(Written in March 2009 for an XKCD forum thread on the subject.)
Should novelists write short stories for 'practice'?
I'm a writer of short stories. I don't write novels, although I think I could if I wanted to; the form doesn't interest me much at this point. To me, one work of fiction should express one idea as powerfully as possible, and the extent to which length can help that is actually rather limited.
What I wouldn't say is that you can't learn a lot about writing that applies equally well to novel-writing by writing short stories. To write a short story, you scrutinize every detail of the prose, of the sequence of the story - how to express ideas as efficiently as possible, how to recognize where "show, don't tell" is meaningful and where it's crap... and if you write short stories, you get feedback much faster than if you write novels.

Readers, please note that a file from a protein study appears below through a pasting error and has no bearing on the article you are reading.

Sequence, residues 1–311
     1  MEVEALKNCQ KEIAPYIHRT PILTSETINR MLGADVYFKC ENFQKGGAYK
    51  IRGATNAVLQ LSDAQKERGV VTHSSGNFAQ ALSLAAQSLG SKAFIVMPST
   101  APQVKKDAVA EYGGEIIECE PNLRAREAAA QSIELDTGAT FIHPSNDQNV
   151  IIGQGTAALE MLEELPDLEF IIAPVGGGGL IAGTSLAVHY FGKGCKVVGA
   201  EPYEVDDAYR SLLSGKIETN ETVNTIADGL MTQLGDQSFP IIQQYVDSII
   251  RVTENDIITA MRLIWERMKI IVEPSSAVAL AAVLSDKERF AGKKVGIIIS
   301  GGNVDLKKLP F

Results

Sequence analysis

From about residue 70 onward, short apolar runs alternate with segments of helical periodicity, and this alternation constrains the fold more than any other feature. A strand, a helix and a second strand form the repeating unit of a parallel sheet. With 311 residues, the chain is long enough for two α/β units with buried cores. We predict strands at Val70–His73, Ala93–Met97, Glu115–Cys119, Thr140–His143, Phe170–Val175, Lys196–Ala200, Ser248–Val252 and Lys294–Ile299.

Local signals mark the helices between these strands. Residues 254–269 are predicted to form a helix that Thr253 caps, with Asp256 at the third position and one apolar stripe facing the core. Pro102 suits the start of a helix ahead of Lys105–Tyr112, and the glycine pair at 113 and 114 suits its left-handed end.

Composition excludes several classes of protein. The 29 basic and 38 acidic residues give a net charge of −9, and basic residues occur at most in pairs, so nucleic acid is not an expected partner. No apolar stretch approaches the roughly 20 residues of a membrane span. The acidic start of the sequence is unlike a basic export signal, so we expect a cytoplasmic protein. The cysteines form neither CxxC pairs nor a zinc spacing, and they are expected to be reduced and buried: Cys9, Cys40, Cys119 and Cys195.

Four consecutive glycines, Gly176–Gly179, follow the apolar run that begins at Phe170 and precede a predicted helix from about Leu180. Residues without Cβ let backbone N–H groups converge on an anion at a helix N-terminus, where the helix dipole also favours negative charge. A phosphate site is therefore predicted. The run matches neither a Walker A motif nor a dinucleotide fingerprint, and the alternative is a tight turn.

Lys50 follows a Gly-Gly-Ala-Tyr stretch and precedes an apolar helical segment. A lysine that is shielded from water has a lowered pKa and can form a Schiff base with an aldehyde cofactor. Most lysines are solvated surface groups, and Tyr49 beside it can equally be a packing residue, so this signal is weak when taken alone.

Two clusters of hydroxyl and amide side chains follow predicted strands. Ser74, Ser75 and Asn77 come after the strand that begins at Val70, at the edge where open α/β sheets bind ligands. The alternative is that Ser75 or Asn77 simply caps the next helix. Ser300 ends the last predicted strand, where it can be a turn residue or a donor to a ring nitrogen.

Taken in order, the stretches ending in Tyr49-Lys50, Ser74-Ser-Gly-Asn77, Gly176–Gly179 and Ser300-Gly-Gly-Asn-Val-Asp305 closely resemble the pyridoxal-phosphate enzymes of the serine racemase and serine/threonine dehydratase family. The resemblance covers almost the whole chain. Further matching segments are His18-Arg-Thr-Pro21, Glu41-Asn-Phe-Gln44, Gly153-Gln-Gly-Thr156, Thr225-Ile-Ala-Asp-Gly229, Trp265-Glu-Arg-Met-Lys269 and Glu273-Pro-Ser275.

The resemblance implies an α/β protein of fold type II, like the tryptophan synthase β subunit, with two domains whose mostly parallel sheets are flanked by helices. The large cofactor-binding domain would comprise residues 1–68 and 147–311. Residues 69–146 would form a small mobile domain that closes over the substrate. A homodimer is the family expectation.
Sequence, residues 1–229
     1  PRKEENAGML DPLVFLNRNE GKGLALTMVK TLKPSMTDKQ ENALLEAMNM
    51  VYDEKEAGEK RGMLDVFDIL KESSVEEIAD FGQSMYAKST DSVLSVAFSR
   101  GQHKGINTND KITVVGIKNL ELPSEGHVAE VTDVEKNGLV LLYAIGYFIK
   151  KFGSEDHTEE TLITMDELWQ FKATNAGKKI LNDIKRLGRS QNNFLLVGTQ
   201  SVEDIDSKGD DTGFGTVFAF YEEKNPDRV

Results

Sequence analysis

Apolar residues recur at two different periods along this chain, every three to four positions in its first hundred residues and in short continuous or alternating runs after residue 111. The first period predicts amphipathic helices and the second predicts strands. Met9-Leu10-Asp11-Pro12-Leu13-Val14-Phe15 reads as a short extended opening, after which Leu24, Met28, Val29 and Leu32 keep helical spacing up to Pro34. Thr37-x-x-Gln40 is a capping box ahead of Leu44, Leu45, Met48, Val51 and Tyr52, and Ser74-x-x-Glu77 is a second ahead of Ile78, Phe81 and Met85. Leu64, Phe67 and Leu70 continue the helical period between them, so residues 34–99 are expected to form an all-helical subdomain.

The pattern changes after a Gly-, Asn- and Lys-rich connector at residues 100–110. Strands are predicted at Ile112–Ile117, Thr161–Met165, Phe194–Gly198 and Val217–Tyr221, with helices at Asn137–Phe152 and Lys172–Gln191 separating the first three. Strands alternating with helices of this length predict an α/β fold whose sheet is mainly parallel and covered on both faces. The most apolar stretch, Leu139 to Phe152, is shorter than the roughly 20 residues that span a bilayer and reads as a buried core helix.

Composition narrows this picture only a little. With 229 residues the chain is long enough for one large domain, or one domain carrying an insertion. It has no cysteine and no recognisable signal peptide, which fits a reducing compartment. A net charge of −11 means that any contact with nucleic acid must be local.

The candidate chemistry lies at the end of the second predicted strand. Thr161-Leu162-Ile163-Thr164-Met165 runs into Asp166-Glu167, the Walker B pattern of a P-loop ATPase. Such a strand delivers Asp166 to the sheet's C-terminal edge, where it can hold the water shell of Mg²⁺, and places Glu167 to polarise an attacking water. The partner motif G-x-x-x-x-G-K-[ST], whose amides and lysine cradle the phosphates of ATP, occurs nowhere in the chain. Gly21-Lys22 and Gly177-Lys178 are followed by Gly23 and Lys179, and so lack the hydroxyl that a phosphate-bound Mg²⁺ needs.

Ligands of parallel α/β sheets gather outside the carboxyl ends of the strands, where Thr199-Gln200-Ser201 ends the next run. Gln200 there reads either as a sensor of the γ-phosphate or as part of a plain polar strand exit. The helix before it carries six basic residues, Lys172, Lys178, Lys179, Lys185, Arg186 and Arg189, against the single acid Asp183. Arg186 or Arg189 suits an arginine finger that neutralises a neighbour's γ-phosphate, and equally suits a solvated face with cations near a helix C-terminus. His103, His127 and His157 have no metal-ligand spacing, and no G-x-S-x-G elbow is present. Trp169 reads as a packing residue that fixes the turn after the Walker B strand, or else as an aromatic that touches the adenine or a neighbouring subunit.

So, I'd say - anyone who wants to write prose should take some time to write short stories, in the sense that they should force themselves to stretch their abilities; that they should write experimentally, with strange and limiting premises; that they should study how to maximize dramatic effect with a minimum of words or even with a minimum of information. It'll give them, the novelist, a deeper understanding of their medium.
What it won't give them is, of course, that necessity - practice.